So, simply create a /srv/www directory and use this. You can create subfolders for every virtual host you might want to serve with your machine.

  • /home contains files that really should just belong to one user. Apache for example allows userdirs, so you can access a user's web files through http://example.com/~username, and they're served from the public_html directory in the user's home.

    If you use a server that is shared among multiple people, and you want to allow everybody to host their own scripts, this is where they should go. Remember to make the directories writable by the user they belong to only.

In essence /srv/www and /var/www are directories you should create subdirectories in for any web project you might want to host. You can then define different permissions on these directories to allow certain users or user groups to write to them. If you have projects for one user at a time, use /home.

  • 3
    The http://example.com/~username usually does not point to /home/username/, but to /home/username/public_html/. – choroba Aug 22 '13 at 13:47
  • Yeah, thanks, that should have been added for clarity. Done. – slhck Aug 22 '13 at 13:51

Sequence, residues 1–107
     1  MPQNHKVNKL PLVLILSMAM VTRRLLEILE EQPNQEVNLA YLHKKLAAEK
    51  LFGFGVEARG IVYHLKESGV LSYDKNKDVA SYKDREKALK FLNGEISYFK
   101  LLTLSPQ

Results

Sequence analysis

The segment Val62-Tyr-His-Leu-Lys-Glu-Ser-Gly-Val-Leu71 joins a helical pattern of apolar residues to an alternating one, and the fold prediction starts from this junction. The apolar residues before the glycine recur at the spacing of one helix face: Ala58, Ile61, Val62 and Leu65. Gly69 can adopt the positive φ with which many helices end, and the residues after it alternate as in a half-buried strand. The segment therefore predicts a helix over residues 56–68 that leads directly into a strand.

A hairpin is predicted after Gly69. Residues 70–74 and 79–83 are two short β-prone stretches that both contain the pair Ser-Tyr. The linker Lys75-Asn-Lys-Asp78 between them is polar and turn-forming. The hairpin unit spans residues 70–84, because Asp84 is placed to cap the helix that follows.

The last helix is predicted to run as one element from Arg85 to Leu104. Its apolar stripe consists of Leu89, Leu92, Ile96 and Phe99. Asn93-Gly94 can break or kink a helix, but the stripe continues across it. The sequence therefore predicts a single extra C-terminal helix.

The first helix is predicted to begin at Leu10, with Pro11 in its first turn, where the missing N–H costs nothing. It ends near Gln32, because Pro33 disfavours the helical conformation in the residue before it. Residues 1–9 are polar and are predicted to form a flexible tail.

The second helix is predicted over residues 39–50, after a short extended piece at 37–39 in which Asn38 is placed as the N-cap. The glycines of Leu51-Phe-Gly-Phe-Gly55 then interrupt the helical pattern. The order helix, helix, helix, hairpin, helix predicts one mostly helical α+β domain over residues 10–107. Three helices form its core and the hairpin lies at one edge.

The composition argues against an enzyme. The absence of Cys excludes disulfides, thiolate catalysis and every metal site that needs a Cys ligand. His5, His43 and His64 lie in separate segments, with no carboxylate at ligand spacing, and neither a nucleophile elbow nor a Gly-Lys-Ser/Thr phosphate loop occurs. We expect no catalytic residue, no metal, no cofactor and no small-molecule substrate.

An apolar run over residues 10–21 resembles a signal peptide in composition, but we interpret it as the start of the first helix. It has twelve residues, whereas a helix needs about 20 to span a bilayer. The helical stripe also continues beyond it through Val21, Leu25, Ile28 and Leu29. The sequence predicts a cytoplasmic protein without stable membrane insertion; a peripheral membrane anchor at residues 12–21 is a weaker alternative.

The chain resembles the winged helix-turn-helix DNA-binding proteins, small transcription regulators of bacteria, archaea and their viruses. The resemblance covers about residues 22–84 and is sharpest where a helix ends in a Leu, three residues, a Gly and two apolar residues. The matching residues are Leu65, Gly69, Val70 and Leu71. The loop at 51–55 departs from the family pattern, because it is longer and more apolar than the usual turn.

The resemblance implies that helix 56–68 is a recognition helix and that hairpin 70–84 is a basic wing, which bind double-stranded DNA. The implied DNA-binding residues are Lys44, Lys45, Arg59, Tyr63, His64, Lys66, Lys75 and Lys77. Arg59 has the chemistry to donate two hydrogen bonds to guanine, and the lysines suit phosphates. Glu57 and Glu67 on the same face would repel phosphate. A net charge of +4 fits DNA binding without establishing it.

• After several years of using /var/www it is time for change! – sitilge Oct 5 '16 at 9:31
  • Also, www sounds more like a subdomain to me. – sitilge Oct 5 '16 at 9:33
  • Just to add... The use of /var/www is a common practice for single site serving instances and as said the default Apache location, whereas using /home/usr/ was/is a common practice for reseller servers or multi-site hosting drawn from the concept of users==clients. Both are just common practices and shlck's answer is a better use of the filesystem's intended purposes. – Jools Feb 7 at 13:55
4

Well you can put files anywhere long as things can access them properly, however cluttered filesystems are a headache if someone comes in later.

/srv is most logical plus if you follow Filesystem Hierarchy Standard it would go here.

If you do multiple domains you can do /srv/domain1 /srv/domain2 etc etc then subfolder out inside there /ftp /www /tftp /logs /etc.etc.etc

To me that feels a very solid structure to build upon and easily control

But as an administrator you can do as clean or messy as you wish.

1

Ok easy quick answer.